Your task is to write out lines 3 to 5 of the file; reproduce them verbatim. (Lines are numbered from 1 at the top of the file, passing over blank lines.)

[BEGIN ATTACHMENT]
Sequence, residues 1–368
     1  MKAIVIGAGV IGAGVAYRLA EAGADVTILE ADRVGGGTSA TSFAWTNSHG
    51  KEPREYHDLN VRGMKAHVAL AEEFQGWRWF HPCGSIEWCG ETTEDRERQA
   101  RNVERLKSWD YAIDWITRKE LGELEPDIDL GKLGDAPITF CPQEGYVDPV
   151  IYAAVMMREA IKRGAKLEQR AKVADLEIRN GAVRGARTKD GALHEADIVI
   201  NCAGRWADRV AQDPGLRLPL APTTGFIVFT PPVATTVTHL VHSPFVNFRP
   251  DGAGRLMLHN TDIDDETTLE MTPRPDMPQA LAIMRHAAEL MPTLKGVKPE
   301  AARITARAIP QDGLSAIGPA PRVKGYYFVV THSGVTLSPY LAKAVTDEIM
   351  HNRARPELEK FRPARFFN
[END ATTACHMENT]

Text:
    51  KEPREYHDLN VRGMKAHVAL AEEFQGWRWF HPCGSIEWCG ETTEDRERQA
   101  RNVERLKSWD YAIDWITRKE LGELEPDIDL GKLGDAPITF CPQEGYVDPV
   151  IYAAVMMREA IKRGAKLEQR AKVADLEIRN GAVRGARTKD GALHEADIVI